The Times and the Daily Mail mangle the story, ignoring the obvious: that the Science Museum understands how to communicate science to a large and diverse audience.
“Global warming scepticism forces Science Museum to rename ‘climate change’ gallery” headlines the Daily Mail. Only slightly less sensationalist is the Times, with: “Public scepticism prompts Science Museum to rename climate exhibition”.
So does the Science Museum believe that the scientific consensus on climate change has diluted or weakened? Actually, no. But you wouldn’t know that from the headlines.
The Science Museum’s job is to educate the public about science. What’s actually going on here is that they’re doing their job by tackling the serious gap between the remarkable level of scientific agreement on the basics of climate science – (planet warming, human activity to blame) – and the increasingly obvious public confusion about the issue.
What’s actually going on here is that the Science Museum is doing its job by tackling the serious gap between the remarkable level of scientific agreement on basic climate science, and the increasingly obvious public confusion about the issue.
The Museum has obviously concluded that if your audience is ‘the public’, you can’t afford to put anyone off. So the press release says they’re aiming at:
“… satisfying the interests and needs of those who accept that human-induced climate change is real, those who are unsure, and those who do not.”
So far, so sensible. What the Museum no doubt thought they were press-releasing was that they were taking steps to make their work accessible to all, regardless of opinion – a distancing of their work from the highly charged climate debate, a return to the substance of the issue, an informative exhibition for the public aimed at education, not persuasion. They wanted to indicate that they were stepping back from the politically and socially charged implications of climate change, and choosing to concentrate on the question ‘What does the science actually tell you?’.
But the media mangle the story. The Times’ Ben Webster reports:
“The Science Museum is revising the contents of its new climate science gallery to reflect the wave of scepticism that has engulfed the issue in recent months … The museum is abandoning its previous practice of trying to persuade visitors of the dangers of global warming. It is instead adopting a neutral position, acknowledging that there are legitimate doubts about the impact of man-made emissions on the climate.
Even the title of the £4 million gallery has been changed to reflect the museum’s more circumspect approach. The museum had intended to call it the Climate Change Gallery, but has decided to change this to Climate Science Gallery to avoid being accused of presuming that emissions would change the temperature.”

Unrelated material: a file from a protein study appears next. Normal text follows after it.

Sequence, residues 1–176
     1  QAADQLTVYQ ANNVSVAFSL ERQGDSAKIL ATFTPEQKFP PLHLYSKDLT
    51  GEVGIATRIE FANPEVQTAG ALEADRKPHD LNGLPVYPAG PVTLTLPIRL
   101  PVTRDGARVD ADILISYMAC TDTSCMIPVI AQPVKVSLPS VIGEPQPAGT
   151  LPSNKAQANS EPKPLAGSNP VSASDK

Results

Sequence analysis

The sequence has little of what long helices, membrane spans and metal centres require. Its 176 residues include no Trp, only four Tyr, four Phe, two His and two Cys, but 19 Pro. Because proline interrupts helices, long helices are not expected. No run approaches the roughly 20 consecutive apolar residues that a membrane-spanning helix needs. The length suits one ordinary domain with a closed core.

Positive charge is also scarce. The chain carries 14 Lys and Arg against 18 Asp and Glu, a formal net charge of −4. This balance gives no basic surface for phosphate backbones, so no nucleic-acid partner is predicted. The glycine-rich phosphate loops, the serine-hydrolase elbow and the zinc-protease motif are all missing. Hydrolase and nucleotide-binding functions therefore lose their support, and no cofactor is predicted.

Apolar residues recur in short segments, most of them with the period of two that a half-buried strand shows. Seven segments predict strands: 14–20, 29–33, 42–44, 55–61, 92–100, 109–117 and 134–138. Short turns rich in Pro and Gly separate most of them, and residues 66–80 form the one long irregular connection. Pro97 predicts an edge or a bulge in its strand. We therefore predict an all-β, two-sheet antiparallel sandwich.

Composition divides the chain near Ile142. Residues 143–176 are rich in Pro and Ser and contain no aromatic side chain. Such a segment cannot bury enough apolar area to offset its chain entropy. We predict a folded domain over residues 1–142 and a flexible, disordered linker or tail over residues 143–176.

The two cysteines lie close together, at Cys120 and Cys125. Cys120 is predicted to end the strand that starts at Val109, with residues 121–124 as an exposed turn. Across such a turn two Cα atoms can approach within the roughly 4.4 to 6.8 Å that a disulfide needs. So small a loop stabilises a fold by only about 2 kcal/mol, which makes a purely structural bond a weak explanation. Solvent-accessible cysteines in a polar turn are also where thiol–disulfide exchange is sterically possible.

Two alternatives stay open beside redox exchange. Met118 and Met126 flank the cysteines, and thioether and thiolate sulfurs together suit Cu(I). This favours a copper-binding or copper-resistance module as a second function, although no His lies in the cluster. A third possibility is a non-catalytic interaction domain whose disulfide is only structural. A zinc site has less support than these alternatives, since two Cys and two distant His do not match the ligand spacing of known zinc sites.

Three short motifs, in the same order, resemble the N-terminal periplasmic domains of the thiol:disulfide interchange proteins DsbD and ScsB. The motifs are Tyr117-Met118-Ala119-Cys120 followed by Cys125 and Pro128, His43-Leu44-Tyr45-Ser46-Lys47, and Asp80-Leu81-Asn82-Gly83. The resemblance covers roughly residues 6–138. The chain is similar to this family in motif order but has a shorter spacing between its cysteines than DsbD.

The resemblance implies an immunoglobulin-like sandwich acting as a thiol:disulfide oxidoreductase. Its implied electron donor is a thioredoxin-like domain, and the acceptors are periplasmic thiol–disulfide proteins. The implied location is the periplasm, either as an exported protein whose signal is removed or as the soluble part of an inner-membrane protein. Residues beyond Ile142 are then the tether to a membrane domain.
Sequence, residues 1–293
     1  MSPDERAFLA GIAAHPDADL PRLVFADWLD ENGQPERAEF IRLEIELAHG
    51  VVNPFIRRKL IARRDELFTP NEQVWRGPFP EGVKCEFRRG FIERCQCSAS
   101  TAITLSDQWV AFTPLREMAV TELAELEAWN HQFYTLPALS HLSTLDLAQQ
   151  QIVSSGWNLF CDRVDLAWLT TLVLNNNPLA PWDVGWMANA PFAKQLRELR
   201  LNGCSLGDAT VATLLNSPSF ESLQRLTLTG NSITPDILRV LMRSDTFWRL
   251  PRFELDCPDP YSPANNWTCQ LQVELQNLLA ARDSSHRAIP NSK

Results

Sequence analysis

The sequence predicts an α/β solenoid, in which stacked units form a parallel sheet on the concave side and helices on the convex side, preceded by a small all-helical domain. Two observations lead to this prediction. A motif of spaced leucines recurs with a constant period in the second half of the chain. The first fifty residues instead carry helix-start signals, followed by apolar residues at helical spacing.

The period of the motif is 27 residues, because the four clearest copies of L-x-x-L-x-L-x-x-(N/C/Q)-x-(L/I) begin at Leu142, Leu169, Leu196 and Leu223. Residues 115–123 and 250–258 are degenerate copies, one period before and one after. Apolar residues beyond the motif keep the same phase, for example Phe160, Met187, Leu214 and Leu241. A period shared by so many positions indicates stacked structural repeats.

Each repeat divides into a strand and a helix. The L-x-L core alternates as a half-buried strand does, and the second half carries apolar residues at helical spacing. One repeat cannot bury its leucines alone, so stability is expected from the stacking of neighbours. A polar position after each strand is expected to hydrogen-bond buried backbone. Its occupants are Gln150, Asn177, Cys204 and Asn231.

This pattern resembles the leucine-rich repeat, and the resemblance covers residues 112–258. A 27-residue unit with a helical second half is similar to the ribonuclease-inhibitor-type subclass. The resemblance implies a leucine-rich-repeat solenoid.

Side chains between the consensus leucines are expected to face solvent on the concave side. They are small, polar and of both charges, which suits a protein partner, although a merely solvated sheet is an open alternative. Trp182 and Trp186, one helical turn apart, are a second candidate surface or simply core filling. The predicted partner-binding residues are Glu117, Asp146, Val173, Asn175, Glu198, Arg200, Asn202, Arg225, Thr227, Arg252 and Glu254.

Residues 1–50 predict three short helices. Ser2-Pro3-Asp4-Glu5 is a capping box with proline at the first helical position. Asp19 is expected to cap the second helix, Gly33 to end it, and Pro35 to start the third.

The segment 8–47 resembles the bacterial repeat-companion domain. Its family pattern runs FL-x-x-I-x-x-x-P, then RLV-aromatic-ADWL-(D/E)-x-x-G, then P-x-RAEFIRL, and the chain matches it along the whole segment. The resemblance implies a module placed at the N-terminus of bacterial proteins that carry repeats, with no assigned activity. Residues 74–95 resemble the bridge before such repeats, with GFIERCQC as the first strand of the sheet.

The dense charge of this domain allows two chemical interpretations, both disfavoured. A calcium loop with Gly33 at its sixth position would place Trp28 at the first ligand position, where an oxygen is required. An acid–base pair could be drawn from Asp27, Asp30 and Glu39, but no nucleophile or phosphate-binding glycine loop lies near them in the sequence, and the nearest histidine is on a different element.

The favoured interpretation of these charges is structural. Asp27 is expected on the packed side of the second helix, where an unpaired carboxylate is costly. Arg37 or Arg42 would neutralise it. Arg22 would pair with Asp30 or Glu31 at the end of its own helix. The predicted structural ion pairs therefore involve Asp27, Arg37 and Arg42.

The Daily Mail takes the same line, but with more forceful language:
“[The Science Museum] will refrain from scaring visitors with apocalyptic predictions of rising sea levels at its £4million gallery by adopting a less biased approach, acknowledging legitimate doubts about the impact to [sic] man-made emissions on the climate.”
Yes, that’s right, the reporting took the Science Museum’s acknowledgement of public uncertainty, and using broad brush strokes implied that they were referring to scientific uncertainty – a fundamental difference, and pretty problematic.
The reporting took the Science Museum’s acknowledgement of public uncertainty, and using broad brush strokes implied that they were referring to scientific uncertainty – a fundamental difference.
In fact, the Director of the Science Museum, Prof. Chris Rapley, comments:
“The scientific community has, with some exceptions, concluded that climate change is real, largely driven by humans and requires a response.”
And the Museum couldn’t be much clearer in the response to the reporting they felt they had to issue:
“After laying out our intentions for the new climate science gallery, the term ‘neutral’ has been adopted in some articles in the press, which is not an accurate description of our approach.”
“Our aim is to increase interest and deepen understanding. This will include the fact that majority of the climate science community has concluded that current climate change is real and mainly human-induced. There are always areas of uncertainty in any scientific topic, and climate science is no exception. We respect people’s right to disagree, and we will address the issues raised, but we always return to the fact that the weight of evidence supports the anthropogenic conclusion.”
You would hope a well-designed exhibition of climate science aimed at the public would acknowledge public doubts about the impact of man-made emissions on climate. But this doesn’t equate to suggesting that there are widespread doubts expressed within the mainstream scientific community.
Chris Rapley obviously understands the difficult communications job the Museum has to do. At a recent Policy Network debate he said:
“There is a tyranny at work here. My impression is that where scientists know there are big uncertainties, they are afraid to emphasise them because people will misunderstand them. The evidence is that when they confess to them, they are exploited.”
It’s a bigger question to what extent the confusion about climate science that the museum is responding to is a product of inaccurate coverage by the media. But this kind of thing clearly doesn’t help.
Lucky we’ve got the Science Museum to educate people, eh?